What are benthic macroinvertebrates?

Benthic macroinvertebrates are organisms without skeletons that can be seen easily and that live on the stream bottom. Benthic means “bottom dwelling” and macro means “large enough to see with the naked eye” or with very little assistance.  Invertebrate means “without a backbone.”




  • Stonefly

    Stonefly nymphs have no gills on the abdomen, sometimes have hairlike gills under the legs on the thorax (hairy armpits), two tails.




  • Caddisfly larva

    Caddisfly larvae have bodies longer than it is wide; distinct head, one to three hard plates on the thorax; abdomen ends in two terminal hooks and, unlike thorax has no hardened outer plates.



  • Mayfly

    Mayfly nymphs have feathery or platelike gills on abdomen, legs end in one hook, usually three tails.

  • Riffle Beetle (larva and adult)

    Adult riffle beetles are tiny six-legged beetles; crawls slowly on the bottom.








    Larvae riffle beetles may appear uniform brown color or striped due to presence of hard plates covering body length and has six segmented legs on the thorax.

  • Water Penny larva

    Water Penny larvae are flat and copper-colored like a penny; shaped like a small, upside-down saucer; segemented, hard plates conceals head and legs from above.




    Water penny larvaWater penny larva
  • Gilled Snail

    Gilled snails have shells openings to the right when the spiral is pointing up and the opening (aperture) is facing up.




  • Dobsonfly larva (Hellgrammite)

    Dobsonfly larvae or Hellgrammites are up to 4 inches long, have hairlike gills under abdominal lateral filaments that look like dirty cotton and, have large mandibles.




  • Dragonfly nymph

    Dragonfly nymphs have a wide oval-to-round abdomen, which is often flattened and leaflike; large eyes; masklike lower lip.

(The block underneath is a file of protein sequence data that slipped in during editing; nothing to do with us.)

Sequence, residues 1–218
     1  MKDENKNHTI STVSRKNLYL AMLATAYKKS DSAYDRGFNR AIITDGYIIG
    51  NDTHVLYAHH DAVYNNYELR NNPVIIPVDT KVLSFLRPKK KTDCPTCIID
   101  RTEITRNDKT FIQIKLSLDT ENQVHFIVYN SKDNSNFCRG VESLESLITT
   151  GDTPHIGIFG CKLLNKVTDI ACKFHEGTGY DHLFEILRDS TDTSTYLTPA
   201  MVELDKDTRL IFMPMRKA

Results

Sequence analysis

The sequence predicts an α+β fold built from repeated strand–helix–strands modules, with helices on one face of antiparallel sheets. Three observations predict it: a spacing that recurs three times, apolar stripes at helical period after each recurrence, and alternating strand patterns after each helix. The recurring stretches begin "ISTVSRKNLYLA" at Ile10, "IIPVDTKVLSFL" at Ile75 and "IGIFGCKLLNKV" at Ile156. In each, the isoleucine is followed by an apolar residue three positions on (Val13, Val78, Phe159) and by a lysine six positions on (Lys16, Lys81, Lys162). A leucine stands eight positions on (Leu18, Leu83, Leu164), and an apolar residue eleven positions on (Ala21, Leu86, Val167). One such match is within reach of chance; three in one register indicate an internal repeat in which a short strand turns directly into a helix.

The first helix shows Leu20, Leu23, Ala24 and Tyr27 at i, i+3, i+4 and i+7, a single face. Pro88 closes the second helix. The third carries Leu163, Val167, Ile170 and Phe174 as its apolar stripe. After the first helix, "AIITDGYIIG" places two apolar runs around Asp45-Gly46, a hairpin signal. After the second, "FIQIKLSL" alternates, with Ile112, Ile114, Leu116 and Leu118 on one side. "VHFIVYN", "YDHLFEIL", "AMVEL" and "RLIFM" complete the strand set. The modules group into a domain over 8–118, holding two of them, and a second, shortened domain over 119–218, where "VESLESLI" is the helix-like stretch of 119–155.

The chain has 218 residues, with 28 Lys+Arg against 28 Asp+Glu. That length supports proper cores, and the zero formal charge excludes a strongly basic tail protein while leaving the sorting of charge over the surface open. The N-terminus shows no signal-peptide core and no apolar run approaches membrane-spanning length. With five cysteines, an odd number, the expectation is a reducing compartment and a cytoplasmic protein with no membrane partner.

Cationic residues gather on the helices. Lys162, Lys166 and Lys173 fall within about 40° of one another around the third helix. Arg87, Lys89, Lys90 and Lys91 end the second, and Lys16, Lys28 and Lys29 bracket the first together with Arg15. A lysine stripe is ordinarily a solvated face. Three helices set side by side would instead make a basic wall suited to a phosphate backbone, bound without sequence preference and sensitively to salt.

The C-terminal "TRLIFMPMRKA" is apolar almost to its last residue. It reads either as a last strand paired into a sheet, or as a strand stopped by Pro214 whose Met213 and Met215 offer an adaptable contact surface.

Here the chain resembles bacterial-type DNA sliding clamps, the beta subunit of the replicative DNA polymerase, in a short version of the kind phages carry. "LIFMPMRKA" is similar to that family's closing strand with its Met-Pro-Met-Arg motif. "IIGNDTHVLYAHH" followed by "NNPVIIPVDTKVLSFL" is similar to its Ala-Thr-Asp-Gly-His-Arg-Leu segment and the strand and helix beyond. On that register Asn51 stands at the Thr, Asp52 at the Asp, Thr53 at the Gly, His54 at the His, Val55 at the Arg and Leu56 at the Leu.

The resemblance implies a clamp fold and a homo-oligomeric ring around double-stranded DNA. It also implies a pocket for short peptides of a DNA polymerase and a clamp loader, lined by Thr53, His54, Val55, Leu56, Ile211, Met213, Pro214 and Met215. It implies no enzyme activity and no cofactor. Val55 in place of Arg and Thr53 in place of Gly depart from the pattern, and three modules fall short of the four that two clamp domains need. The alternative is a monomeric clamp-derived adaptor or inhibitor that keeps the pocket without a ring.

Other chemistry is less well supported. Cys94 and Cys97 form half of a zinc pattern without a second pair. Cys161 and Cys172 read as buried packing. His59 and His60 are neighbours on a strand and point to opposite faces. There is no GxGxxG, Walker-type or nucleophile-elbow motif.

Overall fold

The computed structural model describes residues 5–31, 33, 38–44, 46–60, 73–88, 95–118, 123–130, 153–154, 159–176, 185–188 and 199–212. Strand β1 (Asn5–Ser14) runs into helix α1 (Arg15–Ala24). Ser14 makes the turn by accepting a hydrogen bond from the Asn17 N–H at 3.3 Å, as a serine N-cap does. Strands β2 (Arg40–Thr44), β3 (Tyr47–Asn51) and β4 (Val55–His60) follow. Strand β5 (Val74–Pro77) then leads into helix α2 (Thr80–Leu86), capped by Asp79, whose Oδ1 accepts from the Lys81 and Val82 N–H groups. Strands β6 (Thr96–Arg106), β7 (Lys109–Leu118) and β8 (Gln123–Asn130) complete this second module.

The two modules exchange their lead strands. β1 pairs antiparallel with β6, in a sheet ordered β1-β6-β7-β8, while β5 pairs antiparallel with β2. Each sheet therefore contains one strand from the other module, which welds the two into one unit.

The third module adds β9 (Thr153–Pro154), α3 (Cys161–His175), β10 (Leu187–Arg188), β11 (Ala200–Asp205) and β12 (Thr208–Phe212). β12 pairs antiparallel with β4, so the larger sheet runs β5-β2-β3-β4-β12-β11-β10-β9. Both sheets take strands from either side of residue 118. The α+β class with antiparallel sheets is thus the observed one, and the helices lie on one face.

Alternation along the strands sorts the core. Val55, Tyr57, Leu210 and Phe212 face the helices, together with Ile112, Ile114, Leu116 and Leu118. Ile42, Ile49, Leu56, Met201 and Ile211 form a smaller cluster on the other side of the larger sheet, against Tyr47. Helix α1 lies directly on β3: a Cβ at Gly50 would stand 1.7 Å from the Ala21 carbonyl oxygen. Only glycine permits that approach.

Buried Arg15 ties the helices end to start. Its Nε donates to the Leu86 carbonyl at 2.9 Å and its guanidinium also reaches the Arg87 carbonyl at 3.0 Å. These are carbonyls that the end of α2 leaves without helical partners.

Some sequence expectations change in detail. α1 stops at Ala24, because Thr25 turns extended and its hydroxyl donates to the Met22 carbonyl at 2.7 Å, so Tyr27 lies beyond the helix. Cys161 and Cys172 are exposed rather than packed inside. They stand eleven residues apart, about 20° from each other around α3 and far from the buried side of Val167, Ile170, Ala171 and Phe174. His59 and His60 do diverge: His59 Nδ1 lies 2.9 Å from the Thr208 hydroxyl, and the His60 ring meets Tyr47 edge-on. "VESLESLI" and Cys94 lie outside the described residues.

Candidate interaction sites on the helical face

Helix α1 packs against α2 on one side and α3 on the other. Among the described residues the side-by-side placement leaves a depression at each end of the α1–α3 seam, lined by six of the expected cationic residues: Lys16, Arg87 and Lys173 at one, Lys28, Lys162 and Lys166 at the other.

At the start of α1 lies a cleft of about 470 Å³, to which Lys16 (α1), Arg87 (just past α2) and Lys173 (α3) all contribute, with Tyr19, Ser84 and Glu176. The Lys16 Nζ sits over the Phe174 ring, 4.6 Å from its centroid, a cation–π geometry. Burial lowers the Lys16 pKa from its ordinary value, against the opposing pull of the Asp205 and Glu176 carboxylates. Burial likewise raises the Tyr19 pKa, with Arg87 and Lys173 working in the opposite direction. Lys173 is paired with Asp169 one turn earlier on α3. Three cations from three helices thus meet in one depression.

• Sowbug

    Sowbugs are generally gray; have oblong bodies; wider than it is high; seven pairs of legs; long antennae; looks similar to a roly-poly bug.







  • Alderfly larva

    Alderfly larva look similar to the hellgrammite. Lateral filaments with no visible gill tufts; one long hairlike tail at end of abdomen; tail resembles the capital letter "A" at the base.







  • Fishfly larva

    Fishfly larva look like a small hellgrammite but often a lighter reddish-tan color with yellowish streaks. They have lateral filaments on the abdomen but no gill tufts underneath.






  • Damselfly nymph

    Damselfly nymphs have large eyes, six thin hooked legs, three broad oar-shaped tails (gills). They will position themselves in a tripod stance to utilize gills.







  • Clam/Mussel

    Two-piece (bivalve) shell with two opposing valves connected by a hinge, size range from 1/16 inch to 10 inches. Do not count empty shells and always return live organisms back to the stream quickly with the umbo or hinge up.






  • Scud

    Scuds are white to gray in color, have a body that is higher than it is wide, and have more than six legs. They swim sideways and resemble small shrimp.





  • Other beetle larva

    Other beetle larva are a diverse group. They will have obvious mouthparts and six legs.





  • Watersnipe Fly larva

    Watersnipe fly larva have a tapered body, many caterpillar-like legs, conical head, and two feathery 'horns' at the end of the abdomen.






  • Crane Fly larva

    Crane Fly larva have a plump caterpillar-like segmented body. It may have an enlarged (turnip-like) lobe or fleshy fingerlike extensions at the end of the abdomen.


  • Crayfish

    Crayfish have two large claws and eight walking legs. They resemble small lobsters.



  • Aquatic Worm/Horsehair Worm

    Aquatic earthworms are segmented, long, thin and often curl back around themselves. The resemble terrestrial earthworms.








    Horsehair worms are not segmented and have a round or cylindrical body.


  • Black Fly larva

    Black fly larvae have a wide "fat" bottom with suction pad on one end and two fan-like structures on their head.




  • Midge Fly larva

    Midge Fly larva have a distinct head, wormlike segmented body, and a pair of tiny prolegs under the head and near the tip of the abdomen.





  • Leech

    Leeches have flattened muscular bodies with suction pads on each end.



  • Pouch Snail

    Pouch snails do not have an operculum covering the shell opening. When pointed up and facing you they usually open to the left.





  • Other Snail

    Other snails do not have an operculum covering the shell opening, breath air, and shell coils in one plane (flat).






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